By Leo Babauta
I’ve written a lot about simplifying your life, from the philosophy behind it to the tactical steps to getting to simplicity.
But the true key isn’t in the steps, it’s in our mental habits.
For example, I could get rid of my physical clutter and simplify my day so that I have more space in my life … but until I address the mental habits that got me to a cluttered life, it will just keep coming back.
So here’s what I’ve learned is the key mental habit of simplicity: noticing the mind’s tendency to want more, and don’t believe it.
The mind always wants more. And at the same time, it wants less — there’s a polarity in the mind that craves simplicity and craves more.
Why does the mind want both? The mind wants more because it thinks that more will make it happy, it sees possibility in acquiring more, and it thinks that acquiring things will help relieve the uncertainty it feels.
The mind wants less when it is feeling stressed and overwhelmed, and just wants relief from that difficult feeling. It thinks that if it gets rid of stuff, there will be peace.
Both are wrong, but they come from a good-hearted place.
Why the Desire for More, & Less, are Both Wrong
The desire for more is wrong because, as we’ve all seen, you can get a bump of joy when you receive your new package in the mail … but it doesn’t even last a day, usually. Certainly not a few days. That dopamine hit of acquiring more is very temporary … and it doesn’t make us happier over the long term. It doesn’t actually give us what we’re hoping for in life, nor does it relieve any uncertainty.
Think about it:
- If you are worried about an upcoming trip, you’ll research the destination, buy some new clothes or equipment to help you feel more prepared, make plans and have everything set in place. The uncertainty doesn’t go away, you’ve just kept yourself busy trying to get control as a way of coping with the stress of uncertainty.
- You got into a new hobby, excited by the awesome possibilities of it. Of course you had to buy more things to enable the hobby, but that’s OK, because it’s going to give you this amazing new life, right? Actually, your life might change, but it won’t ever be what you were fantasizing about. Your mind just tricks you.
- You got that beautiful new (outfit, bag, gadget, tool, whatever) and you think, “Oh, isn’t life grand?” But then your life returns to normal, and it’s not any better, except now you’re a little poorer and you have a cool new thing in it to clutter up your space.
So when the mind wants more, it is simply trying to find happiness or relief from stress. Neither actually results from having more, but that doesn’t stop the mind from trying.
On the other hand, the mind’s desire for less is just a desire for peace. And that’s not a bad thing. You get some peace, I think, when you reduce your possessions or commitments. Creating space is nice. But in the end, your mind still will find something to complain about — if it’s not having too many things, or too much to do, it will be boredom or tiredness or irritating people who have too much clutter in their lives.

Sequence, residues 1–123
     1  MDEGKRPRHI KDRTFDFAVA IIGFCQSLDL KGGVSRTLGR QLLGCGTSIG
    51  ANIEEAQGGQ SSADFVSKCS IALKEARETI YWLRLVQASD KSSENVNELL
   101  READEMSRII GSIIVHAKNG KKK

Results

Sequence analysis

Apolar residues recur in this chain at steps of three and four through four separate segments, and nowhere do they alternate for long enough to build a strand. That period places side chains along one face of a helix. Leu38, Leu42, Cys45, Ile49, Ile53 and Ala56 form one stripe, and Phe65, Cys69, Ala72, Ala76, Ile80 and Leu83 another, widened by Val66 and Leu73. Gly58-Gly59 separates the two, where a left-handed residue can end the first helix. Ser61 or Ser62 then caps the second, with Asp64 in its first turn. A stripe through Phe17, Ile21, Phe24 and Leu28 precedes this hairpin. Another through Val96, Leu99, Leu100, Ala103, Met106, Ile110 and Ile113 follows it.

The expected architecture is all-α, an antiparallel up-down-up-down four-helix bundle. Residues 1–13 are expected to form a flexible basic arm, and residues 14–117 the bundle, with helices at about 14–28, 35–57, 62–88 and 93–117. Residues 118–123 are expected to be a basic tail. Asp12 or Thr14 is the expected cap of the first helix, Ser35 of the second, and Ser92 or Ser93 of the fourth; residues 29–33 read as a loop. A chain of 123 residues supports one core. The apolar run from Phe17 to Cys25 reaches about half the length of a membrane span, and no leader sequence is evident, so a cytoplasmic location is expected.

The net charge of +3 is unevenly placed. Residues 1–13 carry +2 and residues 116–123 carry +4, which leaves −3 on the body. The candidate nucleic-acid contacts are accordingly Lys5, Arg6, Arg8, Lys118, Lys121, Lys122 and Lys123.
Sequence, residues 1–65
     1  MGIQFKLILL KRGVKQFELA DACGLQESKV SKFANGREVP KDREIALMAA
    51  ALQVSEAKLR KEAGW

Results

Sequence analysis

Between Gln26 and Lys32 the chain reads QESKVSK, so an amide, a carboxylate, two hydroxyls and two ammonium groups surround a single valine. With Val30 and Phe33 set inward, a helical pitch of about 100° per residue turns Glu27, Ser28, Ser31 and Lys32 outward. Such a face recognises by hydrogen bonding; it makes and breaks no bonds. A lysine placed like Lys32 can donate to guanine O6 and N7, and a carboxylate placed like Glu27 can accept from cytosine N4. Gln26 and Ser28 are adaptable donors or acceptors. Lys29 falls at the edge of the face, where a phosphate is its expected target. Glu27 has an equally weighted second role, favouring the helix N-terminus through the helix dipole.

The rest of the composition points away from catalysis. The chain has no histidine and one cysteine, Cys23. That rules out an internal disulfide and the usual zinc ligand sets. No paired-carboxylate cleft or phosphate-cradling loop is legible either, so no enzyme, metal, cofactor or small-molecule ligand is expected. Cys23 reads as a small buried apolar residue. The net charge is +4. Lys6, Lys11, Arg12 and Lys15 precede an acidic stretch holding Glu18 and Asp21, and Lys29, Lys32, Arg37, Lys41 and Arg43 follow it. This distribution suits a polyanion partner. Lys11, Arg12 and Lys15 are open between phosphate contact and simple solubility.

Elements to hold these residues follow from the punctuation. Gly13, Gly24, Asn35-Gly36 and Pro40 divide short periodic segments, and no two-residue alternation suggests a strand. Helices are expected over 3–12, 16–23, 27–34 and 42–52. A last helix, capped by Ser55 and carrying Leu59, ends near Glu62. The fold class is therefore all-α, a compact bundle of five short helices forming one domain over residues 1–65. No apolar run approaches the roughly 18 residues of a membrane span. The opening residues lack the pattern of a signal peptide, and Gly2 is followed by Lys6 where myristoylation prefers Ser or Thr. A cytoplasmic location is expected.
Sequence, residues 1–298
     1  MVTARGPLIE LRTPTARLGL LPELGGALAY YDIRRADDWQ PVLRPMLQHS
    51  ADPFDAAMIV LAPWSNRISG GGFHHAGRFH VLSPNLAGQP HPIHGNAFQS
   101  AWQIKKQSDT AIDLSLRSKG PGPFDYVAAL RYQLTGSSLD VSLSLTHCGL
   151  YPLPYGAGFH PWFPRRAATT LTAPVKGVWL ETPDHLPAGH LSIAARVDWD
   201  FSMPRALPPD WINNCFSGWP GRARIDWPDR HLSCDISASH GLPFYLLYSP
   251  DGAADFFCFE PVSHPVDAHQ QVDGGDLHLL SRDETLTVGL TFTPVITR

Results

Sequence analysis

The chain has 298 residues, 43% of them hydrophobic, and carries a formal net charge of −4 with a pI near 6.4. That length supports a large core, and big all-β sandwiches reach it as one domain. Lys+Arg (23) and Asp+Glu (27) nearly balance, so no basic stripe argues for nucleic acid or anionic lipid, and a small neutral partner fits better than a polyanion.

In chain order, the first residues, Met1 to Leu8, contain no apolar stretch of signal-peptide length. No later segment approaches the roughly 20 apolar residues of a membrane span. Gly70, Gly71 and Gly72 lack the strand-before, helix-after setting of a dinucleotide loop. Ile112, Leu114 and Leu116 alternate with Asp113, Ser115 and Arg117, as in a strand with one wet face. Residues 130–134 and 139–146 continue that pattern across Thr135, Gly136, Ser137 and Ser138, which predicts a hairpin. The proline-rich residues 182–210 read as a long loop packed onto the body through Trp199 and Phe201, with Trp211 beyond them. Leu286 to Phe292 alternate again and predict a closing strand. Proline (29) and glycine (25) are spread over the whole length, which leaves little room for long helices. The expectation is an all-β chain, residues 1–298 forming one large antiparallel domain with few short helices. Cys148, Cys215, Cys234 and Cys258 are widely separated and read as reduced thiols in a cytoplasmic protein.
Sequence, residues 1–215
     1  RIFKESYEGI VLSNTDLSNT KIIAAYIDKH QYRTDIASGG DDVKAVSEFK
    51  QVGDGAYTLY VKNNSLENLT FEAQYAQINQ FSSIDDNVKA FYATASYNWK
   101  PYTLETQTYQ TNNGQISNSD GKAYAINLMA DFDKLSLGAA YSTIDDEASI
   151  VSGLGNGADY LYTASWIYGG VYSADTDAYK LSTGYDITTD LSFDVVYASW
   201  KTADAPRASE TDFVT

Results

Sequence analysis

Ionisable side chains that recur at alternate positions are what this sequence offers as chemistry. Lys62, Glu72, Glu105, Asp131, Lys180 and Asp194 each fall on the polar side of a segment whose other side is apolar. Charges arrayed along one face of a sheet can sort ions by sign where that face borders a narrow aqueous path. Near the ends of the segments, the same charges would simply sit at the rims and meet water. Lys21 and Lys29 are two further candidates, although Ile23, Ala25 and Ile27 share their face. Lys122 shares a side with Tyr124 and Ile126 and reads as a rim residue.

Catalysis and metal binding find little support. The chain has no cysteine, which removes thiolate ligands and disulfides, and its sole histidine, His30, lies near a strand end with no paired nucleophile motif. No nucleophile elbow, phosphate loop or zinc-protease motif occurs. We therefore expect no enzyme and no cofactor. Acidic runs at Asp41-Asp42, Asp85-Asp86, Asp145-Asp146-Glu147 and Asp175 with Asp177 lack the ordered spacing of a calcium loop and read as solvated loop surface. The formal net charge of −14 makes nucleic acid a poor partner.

The key is to change the mental habits.
Changing the Mental Habits
Changing mental habits is pretty tough (though we do show you how in my Habit Mastery Course, check it out!). You have to be hyper aware of your thoughts in order to change them.
Still, none of us ever let a tough challenge stop us from taking action, right?
The process is simple:
- develop awareness of your mental habits over time
- see what their harmful effects might be
- stop believing the thoughts
- make a loving effort to change them
- and don’t expect perfection
So with the mental habit of wanting more, you might just notice when you’re online and researching something new to buy, or on Amazon or another shopping site ready to hit the “order” button. This is a good signal that your mind is wanting more in order to become happier and/or relieve uncertainty.
When you notice this, ask yourself (with credit to Byron Katie):
- What do I believe I’ll get if I buy this? More happiness? Less uncertainty?
- Is that belief true?
- What effect does it have on me? Is it helpful to believe this, or harmful?
- What would I be like if I didn’t believe it?
So if I’m trying to buy some new travel gear, I might notice that I believe it will give me less uncertainty to get this gear. When I ask if it’s true, I will answer, “No, I know from experience that it isn’t true. I’ll still feel uncertainty.”
I’ll also notice that this belief is harmful, because it’s filling my life with more stuff and emptying my bank account, and it’s certainly not helpful.
What would I be like if I didn’t believe it? I would be less intent on acquiring, more able to open up to my uncertainty and find peace by not needing to relieve it.
So I try to change it by saying to myself:
- You don’t need this new gear
- You know it won’t relieve your uncertainty
- Opening to your uncertainty with a loving heart is the way to go
Then I try to fully feel the uncertainty, loving it as much as I love chocolate or laughter, and feel the awesome beauty of life in the midst of the uncertainty.
This is how we can change our mental habits. With awareness, with honesty, with an open heart, and with appreciation for the immense joy of life in the midst of chaos.
Source: Zen Habits